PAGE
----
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Utilizing the CLIL Approach in a Japanese Primary School: A Comparative Study of CLIL and Regular EFL Lessons

  • Yuki YamanoEmail author
Chapter

Abstract

In recent years, Content and Language Integrated Learning (CLIL) has become the subject of attention, especially in East Asian countries, due to the introduction of English as a Foreign Language (EFL) education in primary schools. However, limited empirical studies have been conducted regarding the feasibility and potentiality of content- and language-integrated instruction in these contexts (Butler, Nihon no shougakkou eigo wo kangaeru: ajia no shiten karano kensho to teigen [Thinking About Japanese Elementary School English: Inspection and Suggestion from Asian Perspective]. Tokyo: Sanseidou, 2005) with fewer studies related to Japanese primary schools (Yamano, Content and Language Integrated Learning (CLIL) in a Japanese Elementary School: A Comparative Study of a CLIL Program in Early EFL Education. Unpublished Master’s thesis, Sophia University, Tokyo, 2012; Utilizing the CLIL approach in a Japanese primary school: A comparative study of CLIL and EFL lessons. The Asian EFL Journal, 15(4), 70–92, 2013a; Exploring the use of Content and Language Integrated Learning (CLIL) in foreign language activities. JES Journal, 13, 20–35, 2013b; CLIL in a Japanese primary school: Exploring the potential of CLIL in a Japanese EFL context. International CLIL Research Journal, 2(1), 19–30, 2013c; Exploring the cognitive change of an elementary school teacher through CLIL practices. Bulletin of Utsunomiya University, Division of Educational Department, 65, 205–219, 2015). Therefore, this study explores the potential of CLIL application in a Japanese context from four important aspects, known as the 4Cs: Content (subject matter), Communication (language learned and used in the CLIL lesson), Cognition (cognitive skills), and Community/Culture (awareness toward learning community and pluricultural understanding) (Coyle, Content and language integrated learning: Towards a connected research agenda for CLIL pedagogies. The International Journal of Bilingual Education and Bilingualism, 10, 543–562, 2007; Coyle, Hood, & Marsh, CLIL: Content and Language Integrated Learning. Cambridge: Cambridge University Press, 2010; Mehisto, Marsh, & Frigols, Uncovering CLIL: Content and Language Integrated Learning in Bilingual and Multilingual Education. Oxford: Palgrave Macmillan, 2008). This chapter first defines the Japanese primary EFL education and discusses the rationale for applying a CLIL approach in a Japanese primary school context. Then, based on the 4Cs perspective, it investigates the differences between a CLIL class of 35 students and a non-CLIL class of 36 students in conventional EFL instruction and analyzes results from three different data sets: classroom observations, pupil questionnaires, and teachers’ interviews. Lastly, the present study indicates the potential of a CLIL approach in a Japanese primary EFL environment regarding the 4Cs perspective: enhancing diversity and experiential learning because of the authentic content, accelerating classroom interaction, deepening students’ cognitive learning, and activating students’ cooperative learning as well as comprehension of global issues.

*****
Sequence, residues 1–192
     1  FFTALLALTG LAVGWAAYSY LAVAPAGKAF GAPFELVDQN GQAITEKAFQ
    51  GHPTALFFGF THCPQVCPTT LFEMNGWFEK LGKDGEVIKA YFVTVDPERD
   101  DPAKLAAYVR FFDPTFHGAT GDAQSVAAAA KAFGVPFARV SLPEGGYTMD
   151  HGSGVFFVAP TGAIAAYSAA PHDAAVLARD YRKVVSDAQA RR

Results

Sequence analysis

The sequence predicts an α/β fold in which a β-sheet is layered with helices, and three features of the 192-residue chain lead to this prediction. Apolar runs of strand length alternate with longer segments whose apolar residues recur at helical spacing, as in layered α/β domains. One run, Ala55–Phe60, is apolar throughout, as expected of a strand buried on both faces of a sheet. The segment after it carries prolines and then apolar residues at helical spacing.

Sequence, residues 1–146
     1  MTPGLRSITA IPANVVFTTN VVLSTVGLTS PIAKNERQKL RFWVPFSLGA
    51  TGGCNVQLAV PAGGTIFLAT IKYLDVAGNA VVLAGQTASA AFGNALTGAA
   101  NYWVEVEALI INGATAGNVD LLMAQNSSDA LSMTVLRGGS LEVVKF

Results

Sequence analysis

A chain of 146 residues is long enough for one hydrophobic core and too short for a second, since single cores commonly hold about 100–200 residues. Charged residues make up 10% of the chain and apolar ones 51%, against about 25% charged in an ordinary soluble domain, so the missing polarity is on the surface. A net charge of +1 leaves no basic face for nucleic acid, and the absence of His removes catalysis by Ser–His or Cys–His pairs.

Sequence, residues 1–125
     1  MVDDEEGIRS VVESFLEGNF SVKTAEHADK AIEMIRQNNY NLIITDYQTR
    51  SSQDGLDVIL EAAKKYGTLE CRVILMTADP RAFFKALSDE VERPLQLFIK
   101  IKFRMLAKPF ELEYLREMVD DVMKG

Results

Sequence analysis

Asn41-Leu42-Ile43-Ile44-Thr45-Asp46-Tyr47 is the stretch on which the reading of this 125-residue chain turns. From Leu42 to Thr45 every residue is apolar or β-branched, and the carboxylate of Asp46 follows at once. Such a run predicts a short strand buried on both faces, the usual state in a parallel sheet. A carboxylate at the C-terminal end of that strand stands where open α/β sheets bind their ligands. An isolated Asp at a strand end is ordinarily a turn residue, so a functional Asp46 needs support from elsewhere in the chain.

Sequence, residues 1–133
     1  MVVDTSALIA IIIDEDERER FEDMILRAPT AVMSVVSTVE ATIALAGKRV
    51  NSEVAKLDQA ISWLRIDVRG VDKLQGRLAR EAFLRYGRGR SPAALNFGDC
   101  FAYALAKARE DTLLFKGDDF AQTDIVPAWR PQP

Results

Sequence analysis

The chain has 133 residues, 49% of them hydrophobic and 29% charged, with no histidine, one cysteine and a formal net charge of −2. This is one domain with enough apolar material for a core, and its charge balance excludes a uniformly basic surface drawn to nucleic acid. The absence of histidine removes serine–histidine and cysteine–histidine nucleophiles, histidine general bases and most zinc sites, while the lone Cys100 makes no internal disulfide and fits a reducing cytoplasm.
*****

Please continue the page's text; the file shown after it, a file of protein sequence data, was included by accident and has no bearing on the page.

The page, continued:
Keywords

Content and Language Integrated Learning (CLIL) Japanese primary English education Comparative study 4Cs perspective 

Notes

Acknowledgments

This paper originally comes from the author’s work, “Utilizing the CLIL Approach in a Japanese Primary School: A Comparative Study of CLIL and Regular EFL Lessons” (Yamano, 2013a). It is republished with permission by Asian EFL Journal. In addition, this study is based on the author’s master’s dissertation, “Content and language integrated learning (CLIL) in a Japanese elementary school: A comparative study of a CLIL program in early EFL education” (Yamano, 2012) submitted to the Graduate School of Language and Linguistics of Sophia University. I would like to express my most sincere gratitude to my MA’s supervisor, Professor Kensaku Yoshida and members of the MA thesis committee, Professor Yoshinori Watanabe, Professor Shinichi Izumi, and Professor Makoto Ikeda. I would also like to express my profound gratitude to the participants. Without their help, this paper could never have been written.

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Copyright information

© The Author(s) 2019

Authors and Affiliations

  1. 1.School of EducationUtsunomiya UniversityUtsunomiyaJapan

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